Reliable answers were obtained from 3078 divers during the six years of the study, as follows: 499 in 1996, 634 in 1997, 549 in 1998, 499 in 1999, 431 in 2000, and 466 in 2001. More than 60% of the respondents were male, and the average age of the males was 32.0 (SD 8.0). The female respondents averaged 29.5 (7.5) years of age. The respondents had been diving for 5.0 (5.0) years on average. Their maximum diving depth was 37.4 (12.9) metres on average. Divers had dived twice on average on the day they were surveyed. About 72% of the respondents used a diving computer when they dived (table 1).

Table 1

Average annual changes in actual results among recreational divers at Osezaki (1996–2001, n=3078)

With regards to the types and incident rates of diseases associated with diving, nitrogen narcosis (12%) was the most frequent, followed by barotraumas of the ear (11%) and barotraumas of the paranasal sinus (5.6%), respectively. Fifty divers (1.9%) had suffered from DCS (table 2).

Table 2

Average annual changes in the numbers and types of diseases associated with diving at Osezaki (1996–2001, n=3078)

The proportion of divers who had suffered from at least one of these diving associated diseases was 23.1% (table 2).

Among the total of 3078 divers in this study, 103 completed the questionnaire twice. Therefore, 2975 divers actually completed the survey. Out of the 2975 divers, 52 people had experienced a total of 60 cases of DCS: 46 divers had experienced DCS only once, five divers twice, and one diver four times.

We obtained the fact that ratio of DCS occurrence among 2975 divers was once in 19 011 dives, based on following calculation: dividing the number of DCS developed cases (60) from the number of experienced dives (1 140 653)—that is, 1 140 653/60=19 010.8.

DISCUSSION

This study shows that although individual divers are extremely unlikely to experience DCS, it is likely that one case may arise a week in centres such as Osezaki. The average maximum depth of diving was 37.4 (12.9) metres.

DCS is known to occur from the bubbling of supersaturated nitrogen in a body because of inadequate decompression3,6 and seems to be caused by imprudent diving actions. We should avoid such actions as they amount to reckless diving. Based on this investigation, divers dived twice a day on average, a rate that could not be considered reckless. According to textbooks of commercial diving instruction organisations, the recommended depth is shallower than 20 metres for beginner divers, and shallower than 30 metres for more trained recreational divers in Japan.10,11 On the other hand, the average maximum depth of diving was 37.4 (12.9) metres, a finding that suggests Japanese recreational divers tend to dive too deeply.

Usually, DCS symptoms are thought to develop within two hours after the diver surfaces.4,5 However, we reported that DCS might occur even more than two hours after surfacing, when divers are moving through high altitudes by car.12–14 Moving to a higher altitude shortly after diving can cause a development of DCS.15–18 To return to Tokyo, Nagano, or Yamanashi Prefecture, all those who dive on the west coast of Izu peninsula such as Osezaki, have to cross over highlands reaching 400 metres above sea level. And we have also reported the fact that 76%–92 % of divers who dived at Osezaki have to move to a high altitude after diving on the way to home.12,13 This fact may strongly suggest a heightened risk of DCS, even if more than two hours have passed after diving. According to a report of DAN Japan, (Divers Alert Network in Japan), which operates a hotline for recreational divers, it showed that 25% of divers suffered from DCS had moved to high altitudes, namely more than 400 metres above sea level, after diving.14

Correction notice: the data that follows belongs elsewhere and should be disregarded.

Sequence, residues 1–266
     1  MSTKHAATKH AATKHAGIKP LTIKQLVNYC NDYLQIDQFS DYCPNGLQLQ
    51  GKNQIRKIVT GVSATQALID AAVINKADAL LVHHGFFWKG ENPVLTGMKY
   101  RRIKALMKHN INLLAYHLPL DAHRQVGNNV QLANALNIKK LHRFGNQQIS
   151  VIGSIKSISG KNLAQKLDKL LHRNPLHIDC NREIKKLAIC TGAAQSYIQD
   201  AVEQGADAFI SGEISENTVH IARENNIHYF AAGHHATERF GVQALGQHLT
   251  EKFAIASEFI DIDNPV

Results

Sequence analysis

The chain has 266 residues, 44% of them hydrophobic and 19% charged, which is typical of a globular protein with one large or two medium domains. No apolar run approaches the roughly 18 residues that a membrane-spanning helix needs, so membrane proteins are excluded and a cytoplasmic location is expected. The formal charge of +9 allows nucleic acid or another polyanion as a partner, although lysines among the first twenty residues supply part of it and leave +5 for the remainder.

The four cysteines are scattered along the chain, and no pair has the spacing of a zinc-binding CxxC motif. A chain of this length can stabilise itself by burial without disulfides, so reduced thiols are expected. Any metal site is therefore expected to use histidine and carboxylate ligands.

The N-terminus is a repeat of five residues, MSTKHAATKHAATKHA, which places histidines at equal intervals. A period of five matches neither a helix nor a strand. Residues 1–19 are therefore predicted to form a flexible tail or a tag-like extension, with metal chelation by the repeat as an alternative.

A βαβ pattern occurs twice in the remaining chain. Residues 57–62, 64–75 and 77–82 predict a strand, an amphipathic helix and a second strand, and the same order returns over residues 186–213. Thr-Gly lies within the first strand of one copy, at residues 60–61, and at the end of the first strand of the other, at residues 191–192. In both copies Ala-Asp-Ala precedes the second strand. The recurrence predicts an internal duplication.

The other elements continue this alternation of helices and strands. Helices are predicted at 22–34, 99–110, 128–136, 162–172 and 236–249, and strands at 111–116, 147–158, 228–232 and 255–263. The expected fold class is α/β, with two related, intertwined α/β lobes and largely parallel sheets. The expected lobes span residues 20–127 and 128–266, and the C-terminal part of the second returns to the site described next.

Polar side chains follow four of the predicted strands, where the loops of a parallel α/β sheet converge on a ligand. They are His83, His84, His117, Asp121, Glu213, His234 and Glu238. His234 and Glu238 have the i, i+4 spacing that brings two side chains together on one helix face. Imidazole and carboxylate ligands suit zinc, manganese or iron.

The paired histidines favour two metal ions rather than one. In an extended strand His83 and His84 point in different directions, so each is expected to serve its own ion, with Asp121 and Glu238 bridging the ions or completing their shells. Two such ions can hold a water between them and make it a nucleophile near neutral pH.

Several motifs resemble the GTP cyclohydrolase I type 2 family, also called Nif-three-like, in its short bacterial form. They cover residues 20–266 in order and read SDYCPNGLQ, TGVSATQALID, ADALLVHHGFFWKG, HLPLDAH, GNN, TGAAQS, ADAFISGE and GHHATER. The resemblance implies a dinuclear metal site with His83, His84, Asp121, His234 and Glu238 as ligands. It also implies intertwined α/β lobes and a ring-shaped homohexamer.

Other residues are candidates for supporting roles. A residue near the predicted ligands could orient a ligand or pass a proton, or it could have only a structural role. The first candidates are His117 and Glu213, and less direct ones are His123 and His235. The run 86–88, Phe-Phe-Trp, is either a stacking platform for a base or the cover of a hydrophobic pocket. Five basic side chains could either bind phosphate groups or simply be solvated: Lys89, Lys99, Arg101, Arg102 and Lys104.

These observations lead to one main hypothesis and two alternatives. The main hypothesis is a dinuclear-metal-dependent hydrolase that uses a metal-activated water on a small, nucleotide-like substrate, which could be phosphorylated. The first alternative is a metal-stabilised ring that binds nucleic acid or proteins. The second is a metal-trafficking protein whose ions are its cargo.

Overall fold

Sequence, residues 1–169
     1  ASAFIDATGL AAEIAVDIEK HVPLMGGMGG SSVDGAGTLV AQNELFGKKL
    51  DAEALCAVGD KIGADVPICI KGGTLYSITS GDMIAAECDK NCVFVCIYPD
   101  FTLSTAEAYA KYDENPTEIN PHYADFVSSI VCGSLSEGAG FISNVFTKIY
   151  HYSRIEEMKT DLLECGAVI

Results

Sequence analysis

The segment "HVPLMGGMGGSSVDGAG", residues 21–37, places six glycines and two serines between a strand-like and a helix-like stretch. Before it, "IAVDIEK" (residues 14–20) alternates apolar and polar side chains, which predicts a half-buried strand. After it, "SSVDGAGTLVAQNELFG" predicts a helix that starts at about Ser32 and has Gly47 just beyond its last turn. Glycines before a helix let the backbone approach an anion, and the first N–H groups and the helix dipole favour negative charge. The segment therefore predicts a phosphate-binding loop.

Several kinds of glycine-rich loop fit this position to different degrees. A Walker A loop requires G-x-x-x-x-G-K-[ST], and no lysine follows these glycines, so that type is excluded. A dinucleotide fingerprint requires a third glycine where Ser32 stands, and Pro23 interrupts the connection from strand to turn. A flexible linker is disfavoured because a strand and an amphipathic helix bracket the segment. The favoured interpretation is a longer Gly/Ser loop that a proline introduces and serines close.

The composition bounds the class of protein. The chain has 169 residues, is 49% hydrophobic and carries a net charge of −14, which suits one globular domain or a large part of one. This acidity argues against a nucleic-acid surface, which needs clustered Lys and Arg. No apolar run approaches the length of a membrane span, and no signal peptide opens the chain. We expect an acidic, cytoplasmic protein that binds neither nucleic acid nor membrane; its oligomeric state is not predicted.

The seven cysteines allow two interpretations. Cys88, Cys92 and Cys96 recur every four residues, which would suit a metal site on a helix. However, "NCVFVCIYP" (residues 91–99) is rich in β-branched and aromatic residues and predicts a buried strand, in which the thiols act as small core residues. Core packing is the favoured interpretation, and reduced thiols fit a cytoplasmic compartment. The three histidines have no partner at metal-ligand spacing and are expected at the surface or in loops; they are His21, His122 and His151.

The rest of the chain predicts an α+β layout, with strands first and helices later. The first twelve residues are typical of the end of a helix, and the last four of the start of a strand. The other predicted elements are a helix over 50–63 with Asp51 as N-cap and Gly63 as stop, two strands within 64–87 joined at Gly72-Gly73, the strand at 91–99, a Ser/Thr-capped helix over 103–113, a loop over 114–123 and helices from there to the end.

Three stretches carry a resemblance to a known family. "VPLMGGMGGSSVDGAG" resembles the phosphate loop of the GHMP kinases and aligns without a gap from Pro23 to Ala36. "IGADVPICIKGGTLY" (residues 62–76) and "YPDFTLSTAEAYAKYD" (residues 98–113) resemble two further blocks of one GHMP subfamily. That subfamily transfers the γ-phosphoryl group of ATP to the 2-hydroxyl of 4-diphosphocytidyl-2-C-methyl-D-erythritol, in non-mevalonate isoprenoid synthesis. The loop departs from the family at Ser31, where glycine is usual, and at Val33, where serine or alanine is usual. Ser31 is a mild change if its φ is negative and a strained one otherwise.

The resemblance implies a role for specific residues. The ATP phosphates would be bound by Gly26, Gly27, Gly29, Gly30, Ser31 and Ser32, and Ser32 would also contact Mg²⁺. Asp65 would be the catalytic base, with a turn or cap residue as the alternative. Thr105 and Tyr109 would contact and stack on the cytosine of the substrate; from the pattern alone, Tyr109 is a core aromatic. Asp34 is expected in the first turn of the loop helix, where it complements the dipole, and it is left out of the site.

Based on our consideration of the relation between the incidence of DCS and the number of dives, including cases caused by crossing through high altitudes, DCS occurred at a rate of once every 19 011 dives. Arness reported DCS developed once in 7400 dives.19 On the other hand, DAN20 and Wilmshurst21 reported rates of DCS showed 1/10 000 and 1/20 000, respectively. These reports agree with our findings. Although we did not examine the influences of altitude to DCS in this questionnaire, the relation between crossing through high altitudes and DCS should be more considered for estimation of occurrence of DCS incidences.

To prevent the development of DCS, we propose the use of inhaling oxygen after diving or to wait for some hours before crossing through high altitudes, otherwise, diving with nitrox (a mixed gas containing 30%–40% oxygen and the rest nitrogen) can be helpful if divers use air dive regulation. However, it should be realised that the most important fact is the awareness of every diver with regard to safety in leisure diving.

A limitation of this study was the way of selection of subjects. We performed interviews randomly for any divers who adjusted to our study criteria. So the selected subjects in this study might not truly have been selected randomly. We cannot deny the selection bias in this study.

Finally, we would emphasise that the results of this investigation may contribute valuable educational information for a safety guide to prevent DCS for Japanese recreational divers.

Acknowledgments

The authors thank to Hirotsune Kawamura MD, PhD for English editing of this manuscript.

REFERENCES

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Footnotes

  • Funding: none.

  • Conflicts of interest: none.